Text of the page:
I have been involved in many fundraising efforts, ranging from participating in Dancing With The Rogue Valley Stars, to putting on a 5K fundraiser, to being the event manager for the local Polar Plunge for Special Olympics. I enjoy the event planning portion, and love the challenge of reaching & surpassing a goal.  I have helped with a couple local auctions, but on a rather limited scale.  I have been involved with the Gingerbread Jubilee for a couple of years, and now as a board member of the Craterian Theater, I agreed to take on a larger role...that of procurement co-chair.   With the help of my co-chair and our committee, we were responsible for procuring all of the silent and live auction items. I took on the role with a goal to spice things up, changing up items that we had repeated for several years, and introducing new, perhaps risky packages.  I am happy to say, that with a phenomenal team and great collaborative effort, we pulled off the most successful Gingerbread Jubilee Auction in history.  I did a lot of research to learn HOW to put on a successful auction, and I want to pay it forward and share what I learned from my experience.  

Do your research. Google "Tips to a successful auction." "Top Selling LIVE auction items."  There are so many amazing resources out there...take advantage of them. There is in fact a science to putting on a successful auction, including how to put together the LIVE auction order, how many items to auction off, when to do the ask, etc.  Also, research the history of your event and notice what has sold well in the past, how many years a certain package has been offered,  what areas you are lacking auction items,'s important to be familiar with your event.

I came across a list of unique auction items, one being to auction off dessert prepared & served table side by a local famous chef, and we did just that! The dessert was part of the entertainment for the evening, a huge success, and got the evening off to a fun & exciting start...I mean, if a dessert goes for over $1,000, its bound to be a good night!

Put in the extra effort. If you are easily able to put together a package valued at $1,000, put in the extra effort to create a $2,000 package.  That might mean adding a transportation component, a live performance to a dinner package, OR a behind the scenes experience. 

Make it a night to remember.  It's important that your guests enjoy themselves, and want to come back the following year.  So in addition to offering a quality dinner & great auction packages you need to incorporate entrainment components into the evening.

At this year's {well now last year's} Gingerbread Jubilee Auction we knew we were going to hit the $1,000,000 mark {over the history of the auction}, and it was important to make a big deal of it. During the auction we celebrated raising $1 million by having a surprise celebration complete with champagne, sirens, and confetti!

Get items donated. I am a firm believer that the auction items need to be donated NOT purchased. The ultimate goal is to raise money for the organization, so it is counter intuitive to purchase {aka underwrite} items to be auctioned off.

With that being said, there are a few {very few} situations in which adding a component to a package will significantly leverage the package, thus increasing the perceived value.  For instance, I was able to get 4 Macy's Thanksgiving Day Parade Grandstand seats donated, and while those are priceless, I knew the package didn't have much value without overnight accommodations.  After submitting over a dozen donation request letters to NYC hotels with ZERO leads, I had to go to plan B. So with the help of a board member I solicited a financial donation from a local physician group to cover the cost of the hotel room & tickets to a broadway show.  It was win-win situation...the package was our highest selling auction item at just under $8,000 and we developed new friends of the theater from the physician group.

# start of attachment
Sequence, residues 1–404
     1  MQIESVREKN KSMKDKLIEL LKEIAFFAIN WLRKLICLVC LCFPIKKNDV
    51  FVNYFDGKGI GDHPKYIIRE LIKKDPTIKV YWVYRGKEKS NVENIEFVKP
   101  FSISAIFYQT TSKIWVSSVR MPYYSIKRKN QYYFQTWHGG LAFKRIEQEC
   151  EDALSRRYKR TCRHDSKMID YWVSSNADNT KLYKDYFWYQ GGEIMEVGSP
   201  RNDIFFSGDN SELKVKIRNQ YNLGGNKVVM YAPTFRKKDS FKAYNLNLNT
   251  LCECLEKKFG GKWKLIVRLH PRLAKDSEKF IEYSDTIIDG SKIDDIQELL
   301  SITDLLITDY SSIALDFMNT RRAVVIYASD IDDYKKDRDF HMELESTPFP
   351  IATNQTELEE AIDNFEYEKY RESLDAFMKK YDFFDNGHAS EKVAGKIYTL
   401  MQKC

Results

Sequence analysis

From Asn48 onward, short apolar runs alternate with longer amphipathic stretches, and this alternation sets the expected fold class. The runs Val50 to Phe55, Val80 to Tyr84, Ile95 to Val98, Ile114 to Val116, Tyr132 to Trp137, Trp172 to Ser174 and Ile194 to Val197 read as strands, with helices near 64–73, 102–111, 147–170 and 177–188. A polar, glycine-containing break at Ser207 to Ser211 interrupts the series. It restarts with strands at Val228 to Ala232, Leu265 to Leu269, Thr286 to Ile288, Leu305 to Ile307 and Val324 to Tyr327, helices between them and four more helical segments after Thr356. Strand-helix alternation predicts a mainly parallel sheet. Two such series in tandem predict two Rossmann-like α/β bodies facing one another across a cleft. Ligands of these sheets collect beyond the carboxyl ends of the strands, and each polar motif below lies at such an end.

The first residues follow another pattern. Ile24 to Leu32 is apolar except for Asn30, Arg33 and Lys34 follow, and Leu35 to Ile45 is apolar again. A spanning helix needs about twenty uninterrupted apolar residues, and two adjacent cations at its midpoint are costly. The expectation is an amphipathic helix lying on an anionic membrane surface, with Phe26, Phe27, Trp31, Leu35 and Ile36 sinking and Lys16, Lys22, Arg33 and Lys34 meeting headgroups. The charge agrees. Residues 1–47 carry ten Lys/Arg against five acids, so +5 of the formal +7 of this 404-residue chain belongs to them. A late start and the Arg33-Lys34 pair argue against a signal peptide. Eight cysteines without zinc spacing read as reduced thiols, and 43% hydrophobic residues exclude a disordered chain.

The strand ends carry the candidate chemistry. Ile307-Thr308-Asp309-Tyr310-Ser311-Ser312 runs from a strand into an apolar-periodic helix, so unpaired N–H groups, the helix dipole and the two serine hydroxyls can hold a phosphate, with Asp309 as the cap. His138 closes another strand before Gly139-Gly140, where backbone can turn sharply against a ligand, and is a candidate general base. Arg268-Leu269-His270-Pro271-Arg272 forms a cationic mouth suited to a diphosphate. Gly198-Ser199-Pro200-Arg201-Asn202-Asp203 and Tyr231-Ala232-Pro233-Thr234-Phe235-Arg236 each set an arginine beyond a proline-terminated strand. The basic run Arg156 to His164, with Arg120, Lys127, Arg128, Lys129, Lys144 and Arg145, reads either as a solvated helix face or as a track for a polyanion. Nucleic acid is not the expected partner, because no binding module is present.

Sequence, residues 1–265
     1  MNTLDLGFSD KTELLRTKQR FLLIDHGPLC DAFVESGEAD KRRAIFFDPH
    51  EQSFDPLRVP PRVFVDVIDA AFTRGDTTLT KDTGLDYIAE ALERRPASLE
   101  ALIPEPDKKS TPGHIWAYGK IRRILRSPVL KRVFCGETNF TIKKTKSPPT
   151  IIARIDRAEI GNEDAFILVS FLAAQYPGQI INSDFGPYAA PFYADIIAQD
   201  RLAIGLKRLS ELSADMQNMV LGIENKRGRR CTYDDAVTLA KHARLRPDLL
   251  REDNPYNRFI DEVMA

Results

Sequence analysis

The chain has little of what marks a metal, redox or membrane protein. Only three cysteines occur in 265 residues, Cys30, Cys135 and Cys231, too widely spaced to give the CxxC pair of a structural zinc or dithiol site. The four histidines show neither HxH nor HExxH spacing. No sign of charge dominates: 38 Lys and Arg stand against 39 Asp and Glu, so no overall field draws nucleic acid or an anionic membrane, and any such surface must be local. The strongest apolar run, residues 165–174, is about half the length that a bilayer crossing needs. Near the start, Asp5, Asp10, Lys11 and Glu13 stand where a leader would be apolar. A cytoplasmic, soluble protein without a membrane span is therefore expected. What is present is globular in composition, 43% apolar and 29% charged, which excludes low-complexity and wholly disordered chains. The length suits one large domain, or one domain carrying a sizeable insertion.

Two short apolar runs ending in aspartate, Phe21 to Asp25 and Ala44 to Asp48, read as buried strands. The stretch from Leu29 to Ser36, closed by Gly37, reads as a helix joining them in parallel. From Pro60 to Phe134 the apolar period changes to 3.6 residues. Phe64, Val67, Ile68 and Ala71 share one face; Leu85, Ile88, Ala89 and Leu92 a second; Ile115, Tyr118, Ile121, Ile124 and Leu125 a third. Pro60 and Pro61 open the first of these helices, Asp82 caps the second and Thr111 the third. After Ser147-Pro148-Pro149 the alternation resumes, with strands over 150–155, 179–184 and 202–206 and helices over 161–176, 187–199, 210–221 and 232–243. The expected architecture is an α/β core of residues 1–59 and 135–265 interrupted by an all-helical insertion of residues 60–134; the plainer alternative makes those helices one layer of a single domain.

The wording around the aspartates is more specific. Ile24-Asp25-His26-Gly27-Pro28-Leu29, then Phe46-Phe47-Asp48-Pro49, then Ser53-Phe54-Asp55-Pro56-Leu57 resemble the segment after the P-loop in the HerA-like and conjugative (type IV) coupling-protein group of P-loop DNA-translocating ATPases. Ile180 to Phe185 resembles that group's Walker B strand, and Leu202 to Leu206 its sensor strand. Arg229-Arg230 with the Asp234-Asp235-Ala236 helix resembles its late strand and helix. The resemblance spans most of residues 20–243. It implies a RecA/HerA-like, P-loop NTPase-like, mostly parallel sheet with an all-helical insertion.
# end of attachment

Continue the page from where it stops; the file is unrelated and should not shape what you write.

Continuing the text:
Include an element of exclusivity with each package.  For the live auction it is important that every package include a component of exclusivity, something that is truly priceless; whether it be a behind the scenes experience, signed memorabilia, Macy's Thanksgiving Day Tickets :), a VIP dining experience with a local celebrity, a private flight for a day golf trip etc.

Be willing to take a risk. In an effort to change things up, and spice up the auction, we had to be willing to take a risk and get rid of packages we have offered for several years, and introduce completely new & exciting packages.  While some weren't as well received as we would've liked, others were a HUGE success! 

Ensure the right people are in attendance.  You can have the most perfectly executed event, but without the right buns in the seat, the event will not be a success.  I think there are 3 categories of people you need to focus on 1) Those who are big supporters of your cause/organization.  They want to and will give, despite what packages etc you offer.  2) Specific buyers for specific packages.  3) People who are well known in the community for their support of several always want to be introducing new people to the event and the organization. 

Continue to cultivate relationships after the auction.  When the night comes to an end, it is so important to continue to cultivate & develop lasting relationships with your donors, sponsors, and buyers.  Don't ever under estimate the power of a hand written thank you note or a nice bottle of wine to show your appreciation.  

While there were moments I said NEVER AGAIN, I enjoyed the process and the challenge of figuring out the ins & outs of putting on a successful auction.  It took a lot {and I mean A LOT} of time, energy and resource to pull it off, but in the end it was all worth it and an incredibly rewarding night & experience.